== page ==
HONOLULU — A federal appeals court “regretfully” upheld the dismissal of a lawsuit that claims the Army caused the death of a newborn by ordering his pregnant mother to do physical training against doctors’ instructions.
January Ritchie was about 5 1/2 months pregnant when she went into premature labor while stationed in Hawaii in 2006.
Her son Gregory died 30 minutes after birth. Her husband Jonathan Ritchie filed a wrongful death lawsuit, claiming commanding officers ignored his wife’s pleas not to perform physical duties such as picking up trash and battle-focused training.
The 9th U.S. Circuit Court of Appeals said Thursday it was “regretfully” issuing an opinion saying a lower court was right to dismiss the case. The ruling criticized what’s known as the Feres doctrine, which prevents civil action against the government for those injured during military service, and said it’s unfortunate the doctrine bars the lawsuit.
“For the past 63 years, the Feres doctrine has been criticized by ‘countless courts and commentators’ across the jurisprudential spectrum,” states the opinion authored by Judge Jacqueline Nguyen. “However, neither Congress nor the Supreme Court has seen fit to reverse course.”
The doctrine is “archaic” and based in part on protecting the government from being sued over actions to win a war, said Greg Jacob, policy director for the New York-based Service Women’s Action Network, which is pushing for exemptions to the doctrine for crime victims. “What’s happened over the decades is that the federal courts system has interpreted ‘incident to service’ as whatever happens in uniform,” Jacob said Friday. “It’s an example of how misguided the military is with regard to their personnel policies and giving commanders ultimate authority like this.”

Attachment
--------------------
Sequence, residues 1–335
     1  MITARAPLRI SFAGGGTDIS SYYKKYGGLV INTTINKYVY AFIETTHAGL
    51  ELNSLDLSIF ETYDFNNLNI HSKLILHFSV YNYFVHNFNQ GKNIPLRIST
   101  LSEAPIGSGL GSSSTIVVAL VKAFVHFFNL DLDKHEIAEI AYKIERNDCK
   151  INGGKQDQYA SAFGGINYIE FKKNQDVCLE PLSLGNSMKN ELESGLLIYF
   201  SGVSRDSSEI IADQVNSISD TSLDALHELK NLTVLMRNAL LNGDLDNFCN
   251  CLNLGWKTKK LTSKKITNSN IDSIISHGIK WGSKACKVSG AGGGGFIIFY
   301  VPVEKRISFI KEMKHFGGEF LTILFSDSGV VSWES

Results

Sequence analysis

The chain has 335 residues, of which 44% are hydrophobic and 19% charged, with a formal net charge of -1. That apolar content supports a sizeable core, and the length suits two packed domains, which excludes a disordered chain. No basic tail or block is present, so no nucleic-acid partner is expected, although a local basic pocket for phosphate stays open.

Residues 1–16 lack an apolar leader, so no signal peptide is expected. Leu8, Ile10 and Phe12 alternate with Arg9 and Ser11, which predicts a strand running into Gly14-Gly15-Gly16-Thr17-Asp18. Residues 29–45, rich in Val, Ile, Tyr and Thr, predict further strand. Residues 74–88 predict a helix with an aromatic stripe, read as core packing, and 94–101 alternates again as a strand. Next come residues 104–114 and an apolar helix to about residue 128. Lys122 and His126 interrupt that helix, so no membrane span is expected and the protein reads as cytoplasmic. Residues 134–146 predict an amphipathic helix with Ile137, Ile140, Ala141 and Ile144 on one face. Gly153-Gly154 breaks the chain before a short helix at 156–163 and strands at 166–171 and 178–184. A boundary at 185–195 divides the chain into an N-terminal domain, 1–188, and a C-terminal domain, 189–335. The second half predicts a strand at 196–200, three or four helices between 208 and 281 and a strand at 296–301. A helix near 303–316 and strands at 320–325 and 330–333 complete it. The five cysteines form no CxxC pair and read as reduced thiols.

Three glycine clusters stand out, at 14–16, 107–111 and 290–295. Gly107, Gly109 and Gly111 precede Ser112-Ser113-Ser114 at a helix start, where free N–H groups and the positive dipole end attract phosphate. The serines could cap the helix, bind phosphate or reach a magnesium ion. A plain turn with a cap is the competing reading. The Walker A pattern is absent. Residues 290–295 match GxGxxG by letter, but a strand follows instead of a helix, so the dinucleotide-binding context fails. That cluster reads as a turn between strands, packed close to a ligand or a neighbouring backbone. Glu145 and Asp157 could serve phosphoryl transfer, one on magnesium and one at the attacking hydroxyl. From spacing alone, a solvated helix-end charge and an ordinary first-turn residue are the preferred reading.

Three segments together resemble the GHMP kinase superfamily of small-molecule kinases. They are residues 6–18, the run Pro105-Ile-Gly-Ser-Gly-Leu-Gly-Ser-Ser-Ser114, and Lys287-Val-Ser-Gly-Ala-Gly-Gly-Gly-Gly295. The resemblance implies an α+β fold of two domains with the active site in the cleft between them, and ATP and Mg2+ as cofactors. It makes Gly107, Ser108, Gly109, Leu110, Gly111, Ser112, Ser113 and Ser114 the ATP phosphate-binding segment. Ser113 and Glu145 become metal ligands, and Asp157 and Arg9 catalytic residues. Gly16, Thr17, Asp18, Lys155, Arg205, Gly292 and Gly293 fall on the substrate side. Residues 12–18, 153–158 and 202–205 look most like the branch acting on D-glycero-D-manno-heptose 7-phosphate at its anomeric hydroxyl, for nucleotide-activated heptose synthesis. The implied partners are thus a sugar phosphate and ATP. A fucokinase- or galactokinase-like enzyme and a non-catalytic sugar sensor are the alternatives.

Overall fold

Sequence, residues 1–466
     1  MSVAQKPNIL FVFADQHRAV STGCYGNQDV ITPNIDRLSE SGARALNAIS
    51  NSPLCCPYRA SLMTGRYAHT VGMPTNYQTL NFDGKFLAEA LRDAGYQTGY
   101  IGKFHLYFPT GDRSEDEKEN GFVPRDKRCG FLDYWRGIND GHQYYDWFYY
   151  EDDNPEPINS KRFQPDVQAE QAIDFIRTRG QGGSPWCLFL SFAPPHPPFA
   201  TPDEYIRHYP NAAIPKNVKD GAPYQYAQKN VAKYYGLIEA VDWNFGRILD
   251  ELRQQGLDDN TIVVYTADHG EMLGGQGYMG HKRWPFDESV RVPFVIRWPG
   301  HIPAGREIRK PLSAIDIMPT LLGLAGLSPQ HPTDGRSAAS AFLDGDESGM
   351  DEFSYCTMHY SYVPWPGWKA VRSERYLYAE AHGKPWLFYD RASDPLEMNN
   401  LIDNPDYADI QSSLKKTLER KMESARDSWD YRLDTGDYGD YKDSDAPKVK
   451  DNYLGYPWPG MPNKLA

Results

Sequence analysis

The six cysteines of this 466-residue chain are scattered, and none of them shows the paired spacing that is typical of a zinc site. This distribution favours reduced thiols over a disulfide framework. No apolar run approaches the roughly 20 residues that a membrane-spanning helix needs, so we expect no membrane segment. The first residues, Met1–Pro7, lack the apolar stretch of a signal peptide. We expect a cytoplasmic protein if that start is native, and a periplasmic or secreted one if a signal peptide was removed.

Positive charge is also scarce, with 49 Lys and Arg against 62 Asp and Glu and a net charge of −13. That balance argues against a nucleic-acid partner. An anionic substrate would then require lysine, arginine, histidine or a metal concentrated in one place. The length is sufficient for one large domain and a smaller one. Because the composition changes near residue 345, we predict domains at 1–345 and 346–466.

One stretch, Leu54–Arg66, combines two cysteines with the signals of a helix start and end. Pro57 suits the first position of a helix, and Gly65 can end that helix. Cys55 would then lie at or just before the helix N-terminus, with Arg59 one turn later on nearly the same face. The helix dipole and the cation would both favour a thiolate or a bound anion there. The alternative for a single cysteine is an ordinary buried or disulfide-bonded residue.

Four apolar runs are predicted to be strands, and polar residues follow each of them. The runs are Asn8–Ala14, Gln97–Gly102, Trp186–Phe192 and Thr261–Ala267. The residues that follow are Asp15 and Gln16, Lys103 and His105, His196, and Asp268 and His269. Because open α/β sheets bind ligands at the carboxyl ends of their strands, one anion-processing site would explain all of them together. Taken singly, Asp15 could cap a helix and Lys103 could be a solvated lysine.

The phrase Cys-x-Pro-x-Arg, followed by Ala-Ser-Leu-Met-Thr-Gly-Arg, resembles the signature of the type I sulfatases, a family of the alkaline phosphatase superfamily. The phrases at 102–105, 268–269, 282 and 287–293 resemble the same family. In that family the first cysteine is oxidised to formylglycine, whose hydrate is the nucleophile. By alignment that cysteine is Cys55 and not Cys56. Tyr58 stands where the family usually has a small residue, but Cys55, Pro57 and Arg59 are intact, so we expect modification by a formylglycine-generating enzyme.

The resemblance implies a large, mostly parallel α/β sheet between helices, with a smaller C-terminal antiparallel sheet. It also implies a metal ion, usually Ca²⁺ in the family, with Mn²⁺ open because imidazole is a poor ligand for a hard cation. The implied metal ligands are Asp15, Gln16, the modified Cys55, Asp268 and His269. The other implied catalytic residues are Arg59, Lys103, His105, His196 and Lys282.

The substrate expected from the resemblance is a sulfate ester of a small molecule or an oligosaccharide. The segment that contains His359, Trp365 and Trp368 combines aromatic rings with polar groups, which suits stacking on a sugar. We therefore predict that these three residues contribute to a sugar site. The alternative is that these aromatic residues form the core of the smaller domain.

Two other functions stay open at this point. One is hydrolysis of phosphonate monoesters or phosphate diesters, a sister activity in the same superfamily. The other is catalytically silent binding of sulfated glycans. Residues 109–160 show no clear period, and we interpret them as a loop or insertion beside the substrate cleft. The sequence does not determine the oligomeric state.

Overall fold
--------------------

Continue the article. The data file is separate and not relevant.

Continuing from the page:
Jacob, a former Marine Corps infantry commander, said the Ritchie case shows a need to change the military’s “command-centric” system that allows commanders to override recommendations of lawyers and doctors regarding troops.
Judge Dorothy Nelson wrote a separate, concurring opinion to “highlight how this case reveals the questionable validity of the Feres doctrine,” which she suggests is unfair toward servicewomen.
“Efforts to exclude pregnant women from serving, and even to punish women for becoming pregnant, continue to this day,” she wrote. “The right a pregnant woman has to serve means little if her service requires she put her fetus’s health and well-being at risk.”
The Ritchies now live in Tacoma with their three children. January Ritchie is in the Army Reserves, said the couple’s Honolulu attorney, Eric Seitz, who is planning to petition the Supreme Court.
“We were not expecting to win,” he said, but they’re encouraged by the strong language in the opinion.
Assistant U.S. Attorney Harry Yee in Honolulu, who represented the government, against the suit referred comment to his superior, who didn’t immediately respond Friday.